Hollande: Wait and See

President François HollandePhoto: flickr.com/jmayrault

President François Hollande
Photo: flickr.com/jmayrault

Last Thursday, March 28, the President of the French Republic François Hollande spent seventy-five minutes on primetime television explaining his actions. The program, which was supposed to boost (or at least stabilize) the President’s popularity, had overall little effect as no announcement was made to correct the country’s rising unemployment.

Instead, Hollande stuck to the same strategy he has employed since his election. He repeated at various times during the interview that the main reforms had been put in place, and all we had to do now was to wait and see. Before 2014, the downward employment trend will stabilize before reversing in the beginning of next year, Hollande forecast.

This strategy is bizarre to say the least. After five years of perpetual action from Nicolas Sarkozy, French politics had gotten used to a certain dynamism that does not well tolerate the apparent passivity of Hollande. Even if Hollande were right – but who can tell? –  appearing on TV to tell the nation to simply wait for economic reversal is political suicide.

As the last campaign revealed, more and more French voters are persuaded that their country is losing ground economically to its long-time rival Germany. In fact, the German model that saw the social-democrat government impose ultra-liberal reforms on the labor market may have even become the norm on the French side of the Rhine.

But contrary to his predecessor, Hollande is no strong-handed imposer. As a member of the elite coming from the prestigious Ecole Nationale d’Administration (ENA), he knows perfectly well the functioning of the state machine and refuses to force the reforms on a society that has been shocked by five years under Sarkozy. Instead, he chooses to rely on the functioning of the ‘State machine,’ on the established bodies to reform themselves.

And it has worked, partially. The recent agreement on complementary pension stands as a model in this vein. Summoned by the government to find an agreement that would reform and finance the system for the next years, employers and workers, through their unions, managed to reach a deal. The same strategy has been executed with the first labor market reform, with the same success.

But this strategy has several limits. While being more effective and consensual than imposing a reform from the top down, it does not show the government at work. In fact, most of the political work is being done during negotiations that are closed to the public and the media. This matters because it is the media that report on government action, and a closed negotiation between unions does not display as much action to the viewing public as the parliamentary debate around gay marriage and adoption.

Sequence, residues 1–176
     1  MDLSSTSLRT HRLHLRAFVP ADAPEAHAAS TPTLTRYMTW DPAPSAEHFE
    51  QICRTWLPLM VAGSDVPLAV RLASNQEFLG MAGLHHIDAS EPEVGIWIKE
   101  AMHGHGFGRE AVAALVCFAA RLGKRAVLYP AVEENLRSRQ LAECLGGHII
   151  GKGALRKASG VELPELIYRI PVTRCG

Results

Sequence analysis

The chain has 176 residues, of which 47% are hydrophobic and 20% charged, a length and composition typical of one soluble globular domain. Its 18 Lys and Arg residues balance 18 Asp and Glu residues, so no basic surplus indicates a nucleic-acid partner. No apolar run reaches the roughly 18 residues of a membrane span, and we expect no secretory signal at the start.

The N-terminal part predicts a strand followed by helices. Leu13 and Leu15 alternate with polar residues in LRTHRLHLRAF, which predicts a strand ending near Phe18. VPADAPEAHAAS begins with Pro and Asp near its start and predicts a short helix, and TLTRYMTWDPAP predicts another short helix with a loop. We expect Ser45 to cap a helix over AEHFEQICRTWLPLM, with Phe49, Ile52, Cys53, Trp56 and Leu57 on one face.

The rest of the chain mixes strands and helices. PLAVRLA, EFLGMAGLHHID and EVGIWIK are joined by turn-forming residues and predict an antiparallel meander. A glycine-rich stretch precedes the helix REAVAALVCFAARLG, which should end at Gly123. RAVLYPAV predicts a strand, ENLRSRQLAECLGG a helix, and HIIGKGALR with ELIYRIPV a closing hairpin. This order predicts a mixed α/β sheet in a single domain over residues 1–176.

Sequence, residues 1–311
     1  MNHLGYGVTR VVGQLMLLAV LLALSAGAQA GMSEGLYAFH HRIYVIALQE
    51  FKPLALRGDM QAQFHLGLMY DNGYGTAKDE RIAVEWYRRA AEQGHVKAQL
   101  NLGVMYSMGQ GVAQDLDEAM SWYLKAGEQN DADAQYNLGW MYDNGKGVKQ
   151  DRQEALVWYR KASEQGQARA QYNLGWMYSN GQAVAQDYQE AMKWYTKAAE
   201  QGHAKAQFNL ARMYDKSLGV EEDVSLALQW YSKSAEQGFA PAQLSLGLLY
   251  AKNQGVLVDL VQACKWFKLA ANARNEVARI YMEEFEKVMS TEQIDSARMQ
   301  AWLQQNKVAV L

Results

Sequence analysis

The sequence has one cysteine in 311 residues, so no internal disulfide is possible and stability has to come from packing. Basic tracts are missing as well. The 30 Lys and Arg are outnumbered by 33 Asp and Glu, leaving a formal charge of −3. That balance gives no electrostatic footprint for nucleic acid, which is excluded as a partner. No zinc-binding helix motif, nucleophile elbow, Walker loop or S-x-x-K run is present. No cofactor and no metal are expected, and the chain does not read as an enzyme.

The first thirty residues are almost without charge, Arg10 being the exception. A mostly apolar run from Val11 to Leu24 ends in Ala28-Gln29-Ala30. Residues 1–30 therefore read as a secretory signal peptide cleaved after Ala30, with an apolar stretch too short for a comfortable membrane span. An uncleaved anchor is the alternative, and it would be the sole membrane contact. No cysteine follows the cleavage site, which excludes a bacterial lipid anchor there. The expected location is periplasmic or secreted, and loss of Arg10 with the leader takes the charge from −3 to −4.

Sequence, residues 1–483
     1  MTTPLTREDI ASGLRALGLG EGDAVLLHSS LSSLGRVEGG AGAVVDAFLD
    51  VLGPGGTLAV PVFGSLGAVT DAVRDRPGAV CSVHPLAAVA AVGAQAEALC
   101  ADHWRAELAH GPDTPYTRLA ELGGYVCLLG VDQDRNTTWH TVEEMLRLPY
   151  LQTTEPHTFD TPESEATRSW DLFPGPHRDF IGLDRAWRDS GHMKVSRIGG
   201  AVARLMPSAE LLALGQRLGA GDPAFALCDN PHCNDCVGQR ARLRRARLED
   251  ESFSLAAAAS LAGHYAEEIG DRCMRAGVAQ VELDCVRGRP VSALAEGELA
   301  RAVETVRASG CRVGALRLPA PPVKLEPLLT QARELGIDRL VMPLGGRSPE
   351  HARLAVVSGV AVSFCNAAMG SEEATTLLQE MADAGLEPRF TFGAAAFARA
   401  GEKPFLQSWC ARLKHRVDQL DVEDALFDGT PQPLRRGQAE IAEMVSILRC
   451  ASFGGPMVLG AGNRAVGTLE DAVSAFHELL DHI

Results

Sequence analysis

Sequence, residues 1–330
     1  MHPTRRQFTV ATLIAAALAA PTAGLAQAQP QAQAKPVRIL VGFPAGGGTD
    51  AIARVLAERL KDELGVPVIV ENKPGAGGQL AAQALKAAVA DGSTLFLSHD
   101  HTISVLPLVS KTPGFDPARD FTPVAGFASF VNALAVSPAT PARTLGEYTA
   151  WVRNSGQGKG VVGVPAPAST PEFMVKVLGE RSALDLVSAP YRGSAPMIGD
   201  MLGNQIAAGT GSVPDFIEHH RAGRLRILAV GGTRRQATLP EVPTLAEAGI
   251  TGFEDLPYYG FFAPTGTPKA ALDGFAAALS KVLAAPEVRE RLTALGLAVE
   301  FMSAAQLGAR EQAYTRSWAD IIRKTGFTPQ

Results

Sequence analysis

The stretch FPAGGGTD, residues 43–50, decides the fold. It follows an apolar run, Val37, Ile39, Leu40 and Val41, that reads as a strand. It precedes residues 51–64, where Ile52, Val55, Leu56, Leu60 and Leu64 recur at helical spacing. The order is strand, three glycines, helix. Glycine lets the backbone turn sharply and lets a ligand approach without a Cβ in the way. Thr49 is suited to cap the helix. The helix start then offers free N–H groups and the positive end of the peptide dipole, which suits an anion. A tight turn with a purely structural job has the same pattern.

The popularity of Nicolas Sarkozy was based on the love and hate he managed to create within the French society. François Hollande’s election has proven much more paradoxical. On the one hand, he was elected on the majority sentiment of disgust towards Sarkozy’s government, while on the other hand, he pleads in favor of a unified French society.

Now, almost a year after the election, Hollande has alienated the right-wing electorate, which has largely remained in Sarkozy’s camp of radical opposition. But he has also alienated a share of the left-wing electorate, which was hoping for revenge.

And finally, is not Hollande’s strategy largely self-destructive?

In the short term, Hollande’s popularity will not improve. He will continue to give this impression of frailty and obsession with consensus for which people reproach him. But in the long term, Hollande’s goal is to get the French used to the traditional style of French politics that suppose slow but progressive reforms. The question will be, is this style of politics fit for a presidential system with a five-year term and omnipresent media?

If it is not, Hollande will take the risk of being seen as an inefficient President likely to lose the 2017 election for this very reason. Hollande is clearly not a spontaneous decision-maker. The only instance during his campaign that gave the impression of a determined hardliner was in promising the 75% tax for revenues over a million euros. Now the defeated tax bill is a burden on his platform.

In truth, he is a calculating man who has a deep knowledge of the French State and society, which is perhaps why he might be the best man to reform the country in a meaningful way. But the risk will be that deep reform efforts do not translate into popularity on the surface. While policies should be about efficiency, politics are all about superficiality. That’s why Hollande is so much disliked today, and why the TV interview last week will not change this.


  1. […] still 0.3% higher than the target. The report was released just after Hollande’s appearance on television and will likely not serve to build hope in his promises that he is capable of mending the […]

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